We can learn much from these words. The church seems to believe that it has to constantly reinvent itself to attract the world to its doors, so we have adopted the world's music, a program that is snappy, sharp, meeting the three second attention span of the average human looking for excitement and self-indulgence. We have cut out mention of hell, accepted homosexuality, turn our eyes away from fornication before marriage, and created a structure of church worker and audience. But as we see here in Hosea, the strength of the church in doing its work – preaching the gospel, is the same as Ephraim's was – devoured. We have misinterpreted and misapplied:

 For though I am free from all men, I have made myself a servant to all, that I might win the more; and to the Jews I became as a Jew, that I might win Jews; to those who are under the law, as under the law, that I might win those who are under the law… (1 Corinthians 9:19-20)

Paul never left the standards of God at the door as todays compromising church does.  Paul did it as he explains:

Now this I do for the gospel's sake, that I may be partaker of it with you. (1 Corinthians 9:23)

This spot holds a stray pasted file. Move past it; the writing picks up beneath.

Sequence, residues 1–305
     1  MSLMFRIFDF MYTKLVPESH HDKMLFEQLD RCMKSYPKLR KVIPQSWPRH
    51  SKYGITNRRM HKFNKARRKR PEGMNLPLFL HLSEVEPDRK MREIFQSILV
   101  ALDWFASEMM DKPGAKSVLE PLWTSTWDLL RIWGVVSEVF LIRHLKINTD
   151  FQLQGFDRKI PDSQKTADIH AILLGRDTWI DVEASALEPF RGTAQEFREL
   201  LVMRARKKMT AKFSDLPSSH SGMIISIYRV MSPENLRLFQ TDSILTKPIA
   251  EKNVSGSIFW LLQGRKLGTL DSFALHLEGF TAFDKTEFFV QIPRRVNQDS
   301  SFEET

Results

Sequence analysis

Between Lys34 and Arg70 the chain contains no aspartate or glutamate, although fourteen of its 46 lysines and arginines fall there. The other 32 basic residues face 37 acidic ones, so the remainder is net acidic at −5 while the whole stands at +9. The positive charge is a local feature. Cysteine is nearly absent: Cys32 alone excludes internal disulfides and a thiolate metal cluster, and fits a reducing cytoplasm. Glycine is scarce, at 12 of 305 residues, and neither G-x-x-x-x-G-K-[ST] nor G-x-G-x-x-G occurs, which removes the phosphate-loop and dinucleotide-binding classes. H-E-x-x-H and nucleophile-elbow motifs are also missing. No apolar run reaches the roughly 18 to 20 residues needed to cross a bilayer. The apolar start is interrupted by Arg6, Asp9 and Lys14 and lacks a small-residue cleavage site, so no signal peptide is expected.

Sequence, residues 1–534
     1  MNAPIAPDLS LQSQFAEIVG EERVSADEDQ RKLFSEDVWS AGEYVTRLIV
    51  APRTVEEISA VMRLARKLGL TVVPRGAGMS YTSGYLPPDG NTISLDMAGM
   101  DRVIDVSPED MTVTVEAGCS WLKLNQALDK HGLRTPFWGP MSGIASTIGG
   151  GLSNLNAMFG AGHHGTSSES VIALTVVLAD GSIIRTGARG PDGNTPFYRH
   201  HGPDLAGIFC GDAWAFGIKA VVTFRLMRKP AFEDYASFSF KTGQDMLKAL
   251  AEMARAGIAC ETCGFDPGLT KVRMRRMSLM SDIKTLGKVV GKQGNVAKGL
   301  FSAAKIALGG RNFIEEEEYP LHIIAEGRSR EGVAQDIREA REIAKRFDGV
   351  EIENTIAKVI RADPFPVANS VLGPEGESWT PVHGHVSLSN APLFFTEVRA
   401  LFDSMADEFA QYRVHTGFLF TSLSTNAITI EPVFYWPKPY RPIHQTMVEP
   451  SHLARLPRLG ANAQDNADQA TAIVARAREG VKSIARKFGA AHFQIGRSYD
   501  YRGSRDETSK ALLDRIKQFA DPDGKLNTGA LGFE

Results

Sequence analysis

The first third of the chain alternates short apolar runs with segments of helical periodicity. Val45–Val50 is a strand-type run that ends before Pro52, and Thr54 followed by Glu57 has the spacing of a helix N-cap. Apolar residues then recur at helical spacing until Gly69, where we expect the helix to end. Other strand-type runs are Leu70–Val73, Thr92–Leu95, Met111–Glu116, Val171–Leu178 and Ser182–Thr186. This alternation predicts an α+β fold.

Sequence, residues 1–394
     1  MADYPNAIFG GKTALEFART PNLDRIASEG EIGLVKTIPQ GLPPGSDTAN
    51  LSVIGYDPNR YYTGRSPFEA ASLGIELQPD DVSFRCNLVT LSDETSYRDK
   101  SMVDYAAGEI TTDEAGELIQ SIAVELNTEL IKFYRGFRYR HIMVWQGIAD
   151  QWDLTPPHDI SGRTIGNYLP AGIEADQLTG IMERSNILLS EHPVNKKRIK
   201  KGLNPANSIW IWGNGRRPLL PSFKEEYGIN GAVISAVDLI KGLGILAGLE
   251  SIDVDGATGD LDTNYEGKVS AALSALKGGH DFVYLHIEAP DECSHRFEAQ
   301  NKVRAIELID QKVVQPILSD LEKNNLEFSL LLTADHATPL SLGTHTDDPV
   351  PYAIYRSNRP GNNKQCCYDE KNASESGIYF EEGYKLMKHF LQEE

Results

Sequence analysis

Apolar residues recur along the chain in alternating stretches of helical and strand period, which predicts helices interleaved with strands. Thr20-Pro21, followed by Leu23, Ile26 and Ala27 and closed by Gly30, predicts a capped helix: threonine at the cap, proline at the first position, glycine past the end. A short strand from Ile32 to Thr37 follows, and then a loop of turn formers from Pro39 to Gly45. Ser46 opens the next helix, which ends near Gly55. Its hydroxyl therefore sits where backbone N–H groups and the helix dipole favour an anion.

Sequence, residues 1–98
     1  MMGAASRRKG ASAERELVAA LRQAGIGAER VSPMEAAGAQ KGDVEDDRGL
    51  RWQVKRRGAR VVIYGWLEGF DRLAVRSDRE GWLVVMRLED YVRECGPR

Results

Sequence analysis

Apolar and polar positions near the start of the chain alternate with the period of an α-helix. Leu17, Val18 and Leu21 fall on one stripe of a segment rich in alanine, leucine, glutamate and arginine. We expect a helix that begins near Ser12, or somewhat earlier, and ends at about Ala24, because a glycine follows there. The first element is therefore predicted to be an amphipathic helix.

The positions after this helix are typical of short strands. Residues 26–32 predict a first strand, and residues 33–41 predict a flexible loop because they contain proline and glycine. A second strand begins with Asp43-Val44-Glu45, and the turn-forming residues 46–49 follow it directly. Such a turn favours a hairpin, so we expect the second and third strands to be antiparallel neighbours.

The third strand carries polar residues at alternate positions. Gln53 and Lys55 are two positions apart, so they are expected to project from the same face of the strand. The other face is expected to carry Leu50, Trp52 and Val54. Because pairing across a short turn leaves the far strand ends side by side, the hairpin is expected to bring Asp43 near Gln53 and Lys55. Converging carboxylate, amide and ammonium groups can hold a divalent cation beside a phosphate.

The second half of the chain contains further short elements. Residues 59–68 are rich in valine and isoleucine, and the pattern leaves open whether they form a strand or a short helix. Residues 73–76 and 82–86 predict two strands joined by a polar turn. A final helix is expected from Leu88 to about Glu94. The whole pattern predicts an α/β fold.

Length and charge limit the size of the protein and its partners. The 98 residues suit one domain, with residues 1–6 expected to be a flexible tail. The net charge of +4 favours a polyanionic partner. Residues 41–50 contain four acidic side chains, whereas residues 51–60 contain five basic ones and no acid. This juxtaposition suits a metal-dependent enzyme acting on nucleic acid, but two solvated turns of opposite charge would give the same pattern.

But immediately went on to say:

Run in such a way that you may obtain it. And everyone who competes for the prize is temperate in all things. Now they do it to obtain a perishable crown, but we for an imperishable crown. Therefore I run thus: not with uncertainty. Thus I fight: not as one who beats the air. But I discipline my body and bring it into subjection, lest, when I have preached to others, I myself should become disqualified. (1 Corinthians 9:24-27)

Unless we are one hundred percent for God, doing it His way, without compromise, we will dilute ourselves into useless servants for God; much like cordial in a poor family being shared between 9 kids on a hot summer's day – the lukewarm, weak cordial may seems like a good thing, but it never tastes as it should.

Christianity Means Following God

I truly believe that as we read this book and study the message, we should reach this conclusion: don't call yourself a Christian unless you are willing to follow Christ to the end point of every dot, instruction and standard written in His Book, otherwise, what are we doing? We are misrepresenting God; we say we have Christ within, but act contrary to this, presenting a picture of the supposed Christ within that is a lie. We cannot afford to lose even one verse of the Bible just because it does not suit today's world view, and we need to live it all.